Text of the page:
'KEEP THE FIRE BURNING' Grange urges Jamaicans to fight for reparations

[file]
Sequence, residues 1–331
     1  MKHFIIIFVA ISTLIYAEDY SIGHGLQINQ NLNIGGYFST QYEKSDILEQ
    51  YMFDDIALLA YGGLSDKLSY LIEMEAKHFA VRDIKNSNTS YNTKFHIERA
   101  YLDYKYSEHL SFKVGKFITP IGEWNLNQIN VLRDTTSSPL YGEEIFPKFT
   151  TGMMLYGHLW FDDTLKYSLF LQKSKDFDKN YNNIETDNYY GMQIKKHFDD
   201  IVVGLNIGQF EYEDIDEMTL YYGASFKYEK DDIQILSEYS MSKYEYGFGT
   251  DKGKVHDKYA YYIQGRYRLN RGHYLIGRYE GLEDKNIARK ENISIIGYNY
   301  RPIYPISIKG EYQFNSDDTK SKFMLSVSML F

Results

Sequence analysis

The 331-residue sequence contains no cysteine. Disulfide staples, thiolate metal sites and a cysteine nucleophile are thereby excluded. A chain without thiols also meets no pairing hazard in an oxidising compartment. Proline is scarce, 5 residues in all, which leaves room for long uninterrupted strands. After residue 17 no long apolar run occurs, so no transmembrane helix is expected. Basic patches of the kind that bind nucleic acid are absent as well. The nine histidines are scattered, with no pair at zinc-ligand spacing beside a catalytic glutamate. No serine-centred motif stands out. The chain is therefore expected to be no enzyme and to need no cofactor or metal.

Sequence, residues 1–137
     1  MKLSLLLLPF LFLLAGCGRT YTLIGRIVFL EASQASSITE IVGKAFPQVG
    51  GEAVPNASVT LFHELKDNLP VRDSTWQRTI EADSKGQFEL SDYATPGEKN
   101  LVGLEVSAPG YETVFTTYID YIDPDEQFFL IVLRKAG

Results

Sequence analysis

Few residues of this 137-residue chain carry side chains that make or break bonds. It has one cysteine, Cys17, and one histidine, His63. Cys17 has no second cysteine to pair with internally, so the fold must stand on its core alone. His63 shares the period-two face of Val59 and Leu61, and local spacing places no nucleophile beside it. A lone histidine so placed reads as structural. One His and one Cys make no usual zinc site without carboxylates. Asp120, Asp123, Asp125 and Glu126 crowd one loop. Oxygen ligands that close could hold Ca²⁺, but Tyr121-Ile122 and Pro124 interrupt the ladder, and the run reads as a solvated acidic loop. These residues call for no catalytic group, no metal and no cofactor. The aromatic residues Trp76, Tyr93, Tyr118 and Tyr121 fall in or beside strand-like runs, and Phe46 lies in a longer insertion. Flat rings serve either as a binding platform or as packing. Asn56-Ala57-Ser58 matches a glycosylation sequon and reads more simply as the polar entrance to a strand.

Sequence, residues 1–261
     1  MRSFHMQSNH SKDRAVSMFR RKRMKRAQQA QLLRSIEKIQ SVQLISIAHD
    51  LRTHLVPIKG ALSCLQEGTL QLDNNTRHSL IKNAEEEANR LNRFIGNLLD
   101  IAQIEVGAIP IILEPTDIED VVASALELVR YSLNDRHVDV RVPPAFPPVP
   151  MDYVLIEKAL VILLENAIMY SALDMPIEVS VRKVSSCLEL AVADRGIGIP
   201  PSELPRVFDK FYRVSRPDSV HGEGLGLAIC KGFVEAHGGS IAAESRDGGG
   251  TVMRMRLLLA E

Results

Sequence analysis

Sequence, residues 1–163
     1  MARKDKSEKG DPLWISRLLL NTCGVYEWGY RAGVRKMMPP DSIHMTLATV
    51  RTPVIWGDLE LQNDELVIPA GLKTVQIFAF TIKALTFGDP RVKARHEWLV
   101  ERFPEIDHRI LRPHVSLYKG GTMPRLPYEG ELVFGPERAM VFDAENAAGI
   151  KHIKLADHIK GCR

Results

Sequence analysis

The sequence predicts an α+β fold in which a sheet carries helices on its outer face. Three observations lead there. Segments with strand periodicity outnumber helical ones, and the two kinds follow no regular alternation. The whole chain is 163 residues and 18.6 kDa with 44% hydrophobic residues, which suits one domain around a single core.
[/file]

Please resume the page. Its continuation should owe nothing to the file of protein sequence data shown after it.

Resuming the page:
Jamaica's culture minister, Olivia Grange, used the occasion of Tuesday night's Emancipation vigil in Seville, St Ann, to press her call for reparations. "Tonight is not about having fun, it's about celebrating. Tonight is a night to reflect. This moment is an important moment to think about Jamaica. The journey is not yet completed. We must continue to pursue reparations. Never give up the fight to set things right," the minister said. Grange has been demanding that former colonisers pay Jamaica and other Caribbean countries that they conquered for their economic benefit during the period of slavery. It was revealed in March that the British Treasury was, up to three years ago, paying back a staggering £20 million (present value - £15 billion) loan, used to compensate owners of enslaved people after slavery was abolished. The enslaved Africans were never compensated for slavery even though slavery has been accepted as a crime against humanity. In 2014, the National Commission on Reparations, in a report to parliament, said Jamaica is due at least £2.3 trillion (more than J$416 trillion) in reparations for slavery. Tuesday (July 31) night's Emancipation vigil, which was held for the 21st time, gave persons an opportunity to reflect on the horrors of slavery, and to acknowledge the sacrifice of those who fought to end the wicked system. Escorted by the young civilians garbed in bright, cultural colours--with flickers of candlelight bouncing from their faces, government members, including Prime Minister Andrew Holness, were led around the grounds of Seville Great House. The hundreds who gathered for the vigil simultaneously mourned the tragedy of slavery and celebrated Emancipation 180 years ago. The Port Morant Kumina group provided a fitting soundtrack as the leaders toured a section of the property.